parched, austere, beautiful and vulnerable. The other third of
a thin 150-mile wide band from the Cascade Mountains to the Pacific
harbors the mightiest forest on the continent. Now it too is
kind of desert, a biological desert, an ecological dead zone.
A century of unbridled clearcutting
has taken its toll. By 1980, the
Cascades, that lush volcanic range running from British Columbia
northern California, had been transformed into a patchwork of
thousand clearcuts, a sight so surreal that stunned even President
when he flew over Mt. St. Helens to survey the damage. Carter
scars of logging for the blast of the volcano. There's a difference.
forests flattened by Mount St. Helens are starting to come back
The land leveled by the timber cartel isn't.
Many frail coastal mountainsides, punctured
by logging roads and the
forests shaved to the bedrock, simply collapse each winter in
landslides, burying some of the world's most fertile salmon streams
mega-tonnage of rock and mud. This is the pillaged landscape
Kesey's Sometimes A Great Notion. Never give an inch. Don't stop
until you reach the bone. Suck out the marrow and move on. There's
been a better guide to Oregon than that strange muddy novel.
But now the ravaged land of the Coast
Range, in a kind of death spasm, is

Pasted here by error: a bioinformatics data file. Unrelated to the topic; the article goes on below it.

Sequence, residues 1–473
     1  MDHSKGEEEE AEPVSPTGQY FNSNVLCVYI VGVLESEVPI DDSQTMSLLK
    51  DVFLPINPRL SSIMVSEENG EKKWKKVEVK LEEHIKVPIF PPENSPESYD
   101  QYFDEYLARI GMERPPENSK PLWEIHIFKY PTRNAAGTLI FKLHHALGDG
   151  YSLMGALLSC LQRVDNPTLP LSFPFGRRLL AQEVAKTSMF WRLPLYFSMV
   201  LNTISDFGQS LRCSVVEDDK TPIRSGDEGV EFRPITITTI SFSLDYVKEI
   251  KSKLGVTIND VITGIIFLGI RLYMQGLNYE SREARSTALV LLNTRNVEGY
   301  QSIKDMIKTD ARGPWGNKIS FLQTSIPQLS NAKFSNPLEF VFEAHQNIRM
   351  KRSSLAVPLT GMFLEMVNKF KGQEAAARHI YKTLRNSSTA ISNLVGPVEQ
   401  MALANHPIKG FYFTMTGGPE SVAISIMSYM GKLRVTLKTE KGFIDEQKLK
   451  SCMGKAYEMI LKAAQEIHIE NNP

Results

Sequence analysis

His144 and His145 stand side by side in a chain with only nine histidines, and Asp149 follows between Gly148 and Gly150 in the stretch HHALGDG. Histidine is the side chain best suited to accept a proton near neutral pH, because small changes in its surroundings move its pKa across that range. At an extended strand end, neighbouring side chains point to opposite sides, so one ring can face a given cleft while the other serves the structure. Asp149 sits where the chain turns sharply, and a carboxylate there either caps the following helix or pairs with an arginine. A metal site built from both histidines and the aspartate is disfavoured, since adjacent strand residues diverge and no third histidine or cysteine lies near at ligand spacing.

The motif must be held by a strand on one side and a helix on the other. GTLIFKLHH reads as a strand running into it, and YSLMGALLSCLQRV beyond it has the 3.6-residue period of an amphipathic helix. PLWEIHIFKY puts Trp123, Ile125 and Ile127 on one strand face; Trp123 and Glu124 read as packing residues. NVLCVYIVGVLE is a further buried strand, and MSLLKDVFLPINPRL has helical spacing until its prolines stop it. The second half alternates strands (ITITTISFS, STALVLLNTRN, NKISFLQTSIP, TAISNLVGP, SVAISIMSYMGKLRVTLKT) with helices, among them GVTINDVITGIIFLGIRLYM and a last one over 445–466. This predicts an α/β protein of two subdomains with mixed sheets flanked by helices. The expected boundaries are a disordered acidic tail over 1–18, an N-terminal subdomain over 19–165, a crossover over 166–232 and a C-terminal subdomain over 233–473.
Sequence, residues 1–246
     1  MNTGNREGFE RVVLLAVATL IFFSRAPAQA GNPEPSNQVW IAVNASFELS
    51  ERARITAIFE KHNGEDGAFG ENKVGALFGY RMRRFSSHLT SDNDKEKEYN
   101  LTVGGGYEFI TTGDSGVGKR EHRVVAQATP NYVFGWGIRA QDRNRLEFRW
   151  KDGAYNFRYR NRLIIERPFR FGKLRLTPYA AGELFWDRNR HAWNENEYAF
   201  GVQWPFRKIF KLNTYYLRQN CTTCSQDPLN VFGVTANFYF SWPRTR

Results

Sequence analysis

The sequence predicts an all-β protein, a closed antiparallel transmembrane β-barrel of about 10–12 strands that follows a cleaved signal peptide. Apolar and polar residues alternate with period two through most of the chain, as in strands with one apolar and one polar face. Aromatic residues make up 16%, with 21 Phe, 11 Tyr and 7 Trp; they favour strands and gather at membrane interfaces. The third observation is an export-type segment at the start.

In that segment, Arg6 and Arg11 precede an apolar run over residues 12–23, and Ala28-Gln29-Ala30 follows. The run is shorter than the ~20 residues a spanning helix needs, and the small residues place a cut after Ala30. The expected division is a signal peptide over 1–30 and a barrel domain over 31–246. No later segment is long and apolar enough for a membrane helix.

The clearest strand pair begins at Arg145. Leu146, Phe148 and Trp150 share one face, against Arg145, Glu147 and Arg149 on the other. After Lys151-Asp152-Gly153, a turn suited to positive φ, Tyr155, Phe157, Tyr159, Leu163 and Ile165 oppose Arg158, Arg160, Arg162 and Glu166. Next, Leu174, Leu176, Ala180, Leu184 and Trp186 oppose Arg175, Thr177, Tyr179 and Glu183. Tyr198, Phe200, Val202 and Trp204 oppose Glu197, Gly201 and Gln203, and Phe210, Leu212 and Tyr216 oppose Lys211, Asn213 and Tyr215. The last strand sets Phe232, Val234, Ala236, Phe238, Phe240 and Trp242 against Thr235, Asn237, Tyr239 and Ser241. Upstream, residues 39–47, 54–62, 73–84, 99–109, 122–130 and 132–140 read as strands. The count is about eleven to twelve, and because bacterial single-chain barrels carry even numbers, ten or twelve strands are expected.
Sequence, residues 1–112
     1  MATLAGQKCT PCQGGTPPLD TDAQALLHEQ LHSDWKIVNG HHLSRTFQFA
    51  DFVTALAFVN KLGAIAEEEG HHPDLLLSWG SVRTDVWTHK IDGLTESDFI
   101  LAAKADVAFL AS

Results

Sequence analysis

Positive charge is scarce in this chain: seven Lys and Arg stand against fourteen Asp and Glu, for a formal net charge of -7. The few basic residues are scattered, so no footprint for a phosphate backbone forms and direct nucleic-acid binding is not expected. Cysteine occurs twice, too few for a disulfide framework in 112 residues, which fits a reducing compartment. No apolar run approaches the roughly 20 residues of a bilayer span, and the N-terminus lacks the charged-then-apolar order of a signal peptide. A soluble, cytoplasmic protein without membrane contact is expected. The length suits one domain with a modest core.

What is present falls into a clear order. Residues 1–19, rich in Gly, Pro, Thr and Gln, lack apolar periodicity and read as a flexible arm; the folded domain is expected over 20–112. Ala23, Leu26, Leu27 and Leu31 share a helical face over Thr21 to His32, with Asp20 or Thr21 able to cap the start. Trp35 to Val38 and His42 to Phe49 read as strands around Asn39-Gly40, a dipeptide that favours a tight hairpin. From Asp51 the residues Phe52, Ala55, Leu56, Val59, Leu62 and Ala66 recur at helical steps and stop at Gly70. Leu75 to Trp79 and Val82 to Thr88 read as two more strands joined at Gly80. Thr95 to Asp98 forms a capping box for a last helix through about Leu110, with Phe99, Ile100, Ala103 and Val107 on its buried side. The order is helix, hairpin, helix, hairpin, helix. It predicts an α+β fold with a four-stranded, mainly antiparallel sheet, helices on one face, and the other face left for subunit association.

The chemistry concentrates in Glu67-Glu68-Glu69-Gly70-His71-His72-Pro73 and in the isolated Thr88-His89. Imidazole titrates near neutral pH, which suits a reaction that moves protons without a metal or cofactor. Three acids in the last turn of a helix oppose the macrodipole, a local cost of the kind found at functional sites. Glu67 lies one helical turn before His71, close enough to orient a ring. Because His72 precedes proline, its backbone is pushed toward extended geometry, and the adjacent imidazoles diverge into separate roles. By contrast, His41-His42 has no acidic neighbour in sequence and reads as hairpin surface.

beginning to lash back. With a fearsome regularity, the winter
have begun crushing the new houses and trailers that regularly
on logged-over forests. These days the clearcuts are killing
salmon and owls.
Empires were built off the rape of these
Georgia-Pacific, Louisiana-Pacific, Willamette Industries, International
Paper and, mightiest of all, Weyerhaeuser. These corporations
two-step game. Most of the companies owned millions of acres
of their own
land, acquired for pennies an acre through the Railroad Land
Grants of the
nineteenth century. Each one those acres harbored tens of thousands
dollars worth of trees, mainly Douglas fir, the wood that built
America. Billions were made unfettered by law or morality or
sense. A kind of capitalist anarchy swept through the woods;
cut and run
was its mantra. It is a theme that replicated itself across the
with the mercilessness of the parasitic beast in Ridley Scott's
consuming its host forest and moving on to fresh ground.
In the early 60s, the timber behemoths
had blitzed through their own vast
holdings and turned their sights on the national forests. They
By 1970, logging on the public lands in the northwest had more
doubled. The writing was on the wall for the spotted owl, marbled
murrelet, coho salmon and 800 other species that depend on old-growth
forests. By the time we arrived in Oregon, the timber industry
clearcutting more than 256,000 acres of national forest land
in Oregon and
Washington each year. Nationwide, the logged-over acres topped
annually. These are national forests. Public lands. Your forests.
The timber barons are masters of the
art of corruption and for decades